Do you ever feel a slight discharge of urine, or struggle to ‘hold it’ before reaching the toilet? Then you may be one of the thousands who suffer from a common condition called urinary incontinence. It is thought some 37% or 4,440,000 women in Australia experience urinary incontinence.
Many who experience ‘incontinence’ feel too ashamed or embarrassed to discuss it. Indeed only 31% of sufferers report actually having sought professional help for the condition. Yet with appropriate guidance and support from a qualified women’s physiotherapist such as The Brisbane Spine Clinic, incontinence can be well managed through a combination of treatments including pelvic floor exercises.
Forms Of Urinary Incontinence
Urinary incontinence is frequently associated with pregnancy and childbirth, menopause or a range of chronic conditions such as asthma, diabetes or arthritis. Its severity can range from an occasional leak when you cough, laugh, lift or exercise to an inability to control your bladder, which may cause you to wet yourself.
Today, four primary forms of incontinence are recognized, each with several potential causes:
- Stress Incontinence
Stress incontinence in women is often caused by pregnancy and childbirth, which can stretch and weaken the pelvic floor muscles triggering stress incontinence during activities that push down on the bladder. During menopause, oestrogen is produced in lower quantities. Oestrogen assists in maintaining the thickness of the urethra lining which keeps the urethra sealed after passing.Other contributing factors include diabetes, chronic cough associated with smoking, asthma, or bronchitis, constipation and obesity.
- Urge Incontinence
Urge incontinence is not well understood however it appears more common as we age. Symptoms can worsen due to stress and with the intake of caffeine in tea, coffee and soft drinks and by alcohol.
Urge incontinence may also surface as a result of constipation, or a history of poor bladder habits.
- Incontinence Associated With Chronic Retention
When the bladder doesn’t empty properly, frequent leakage of small amounts of urine can occur. Causes include:
• A urethra blockage created by a full bladder
• Prolapsed pelvic organs
• Damage to the nerves controlling the bladder, urethral sphincter or pelvic floor muscles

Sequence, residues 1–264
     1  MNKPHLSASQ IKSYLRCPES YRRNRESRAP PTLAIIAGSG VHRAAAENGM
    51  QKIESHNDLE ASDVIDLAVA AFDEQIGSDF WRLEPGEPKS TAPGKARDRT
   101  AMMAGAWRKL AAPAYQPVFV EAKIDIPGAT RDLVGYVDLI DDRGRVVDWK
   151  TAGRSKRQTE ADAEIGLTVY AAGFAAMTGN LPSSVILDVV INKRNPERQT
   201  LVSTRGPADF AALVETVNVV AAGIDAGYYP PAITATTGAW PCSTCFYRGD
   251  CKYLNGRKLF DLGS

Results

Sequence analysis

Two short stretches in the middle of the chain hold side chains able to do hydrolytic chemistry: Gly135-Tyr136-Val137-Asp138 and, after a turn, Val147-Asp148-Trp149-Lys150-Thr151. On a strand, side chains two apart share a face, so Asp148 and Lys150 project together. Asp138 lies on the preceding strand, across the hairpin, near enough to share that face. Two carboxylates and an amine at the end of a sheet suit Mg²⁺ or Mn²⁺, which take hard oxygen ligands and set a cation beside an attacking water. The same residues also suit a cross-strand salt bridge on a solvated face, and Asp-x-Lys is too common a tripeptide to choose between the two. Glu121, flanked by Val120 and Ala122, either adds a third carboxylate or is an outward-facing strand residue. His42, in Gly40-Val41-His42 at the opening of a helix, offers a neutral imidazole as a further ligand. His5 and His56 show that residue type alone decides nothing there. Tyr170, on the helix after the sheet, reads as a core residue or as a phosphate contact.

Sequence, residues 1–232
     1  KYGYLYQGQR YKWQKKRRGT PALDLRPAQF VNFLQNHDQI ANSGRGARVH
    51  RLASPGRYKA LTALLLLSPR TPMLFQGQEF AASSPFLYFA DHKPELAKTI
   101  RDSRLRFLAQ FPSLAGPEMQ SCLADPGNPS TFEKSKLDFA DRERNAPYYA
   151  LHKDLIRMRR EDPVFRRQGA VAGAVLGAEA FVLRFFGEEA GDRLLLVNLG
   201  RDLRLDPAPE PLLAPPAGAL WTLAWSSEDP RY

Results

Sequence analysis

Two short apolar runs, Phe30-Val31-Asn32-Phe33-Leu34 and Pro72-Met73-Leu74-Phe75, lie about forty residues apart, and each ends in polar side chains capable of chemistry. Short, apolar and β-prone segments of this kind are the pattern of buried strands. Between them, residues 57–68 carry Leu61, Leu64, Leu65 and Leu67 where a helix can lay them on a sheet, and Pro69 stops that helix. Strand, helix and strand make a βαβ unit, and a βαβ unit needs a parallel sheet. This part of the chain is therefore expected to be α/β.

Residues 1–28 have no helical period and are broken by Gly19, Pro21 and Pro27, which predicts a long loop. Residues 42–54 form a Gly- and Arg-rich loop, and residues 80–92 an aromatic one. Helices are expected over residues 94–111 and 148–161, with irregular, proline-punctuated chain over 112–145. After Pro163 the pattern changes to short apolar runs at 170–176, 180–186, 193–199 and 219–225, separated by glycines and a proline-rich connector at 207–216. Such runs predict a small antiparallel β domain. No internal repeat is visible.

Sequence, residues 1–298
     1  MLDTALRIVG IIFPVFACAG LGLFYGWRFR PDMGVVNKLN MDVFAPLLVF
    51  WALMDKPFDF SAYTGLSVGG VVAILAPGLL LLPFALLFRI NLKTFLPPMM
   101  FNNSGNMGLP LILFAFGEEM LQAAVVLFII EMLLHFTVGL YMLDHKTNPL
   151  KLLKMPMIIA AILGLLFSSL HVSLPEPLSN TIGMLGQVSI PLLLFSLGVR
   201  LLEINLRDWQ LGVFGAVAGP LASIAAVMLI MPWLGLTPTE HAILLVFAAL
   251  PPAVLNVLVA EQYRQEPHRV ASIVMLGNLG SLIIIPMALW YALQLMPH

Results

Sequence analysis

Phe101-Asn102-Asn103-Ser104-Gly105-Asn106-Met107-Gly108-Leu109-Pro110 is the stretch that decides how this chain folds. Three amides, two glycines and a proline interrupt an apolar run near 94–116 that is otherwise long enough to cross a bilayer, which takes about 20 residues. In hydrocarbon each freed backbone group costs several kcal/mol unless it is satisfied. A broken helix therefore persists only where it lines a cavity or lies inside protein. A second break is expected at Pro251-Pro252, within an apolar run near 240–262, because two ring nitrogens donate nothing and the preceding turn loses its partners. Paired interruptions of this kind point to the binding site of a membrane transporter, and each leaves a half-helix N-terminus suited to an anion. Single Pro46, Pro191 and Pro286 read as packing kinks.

• Diabetes, stroke, Parkinson’s disease or multiple sclerosis as these problems can interfere with the sensation of a full bladder
• Certain medications including over the counter medications and some herbal products.
- Functional Incontinence
This form of incontinence concerns physical, intellectual or environmental issues that can contribute to incontinence in someone with normal bladder function.
• Being unable to walk to the toilet
• Toilet is hard to get to or use
• Lack of handrails or good lighting making going to the toilet difficult
• Not being able to get to the toilet unaccompanied.
Indications You May Have Urinary Incontinence
After urinating do you sometimes feel you haven’t emptied your bladder completely?
- Do you get sudden urges to use the toilet?
- Do you sometimes worry about losing control of your bladder?
- Do you need to get up twice or more at night to use the toilet?
- Do you sometimes experience leakage before you get to the toilet?
- Do you sometimes leak when lifting, sneezing, laughing or coughing?
- Do you sometimes leak when exercising or playing sport?
If you answered ‘Yes’ to any of these questions you may have a bladder control problem.
Seek Professional Help
Obtaining professional help from a qualified physiotherapist is strongly recommended. Studies indicate up to 50% of women who try Kegel Exercises from a brochure get the technique wrong. This can potentially further weaken the pelvic floor muscles.
Pelvic Floor And Kegel Exercises
The pelvic floor muscles comprise of an essential support sling inside the pelvis. It is important to increase your pelvic floor muscles (PFM) strength and endurance to promote bladder control.
Exercises to strengthen the gluteal muscle are also highly recommended as they help your pelvic floor muscles operate correctly while helping to support the pelvis and sacrum.
Studies by Patricia Neumann show 84% of women with stress urinary incontinence see positive results with PFM training after five physiotherapy sessions.
5 Ways To Prevent Urinary Incontinence From Becoming Worse
There are five simple ways that may help prevent urinary incontinence from becoming worse
- Do regular pelvic floor exercises
- Include more fibre in your diet as constipation is a recognised cause of urinary incontinence
- Maintain a healthy weight
- Reduce your intake of caffeine, acidic foods and alcohol
- If you smoke, stop!
Urinary incontinence can have multiple causes but it can be treated. Have a confidential conversation with Caroline who is Brisbane Spine Clinic’s women’s physiotherapist about the benefits of physiotherapy for urinary incontinence. Don’t feel embarrassed or uncomfortable to discuss it. If urinary incontinence lingers or is impacting on your quality of life, it is important to seek medical advice.
*Please note, content within this article is for educational purposes only and treatment and advice mentioned may not be suited for everyone. Please consult a team member at the Brisbane Spine Clinic or your General Practitioner for specific advice.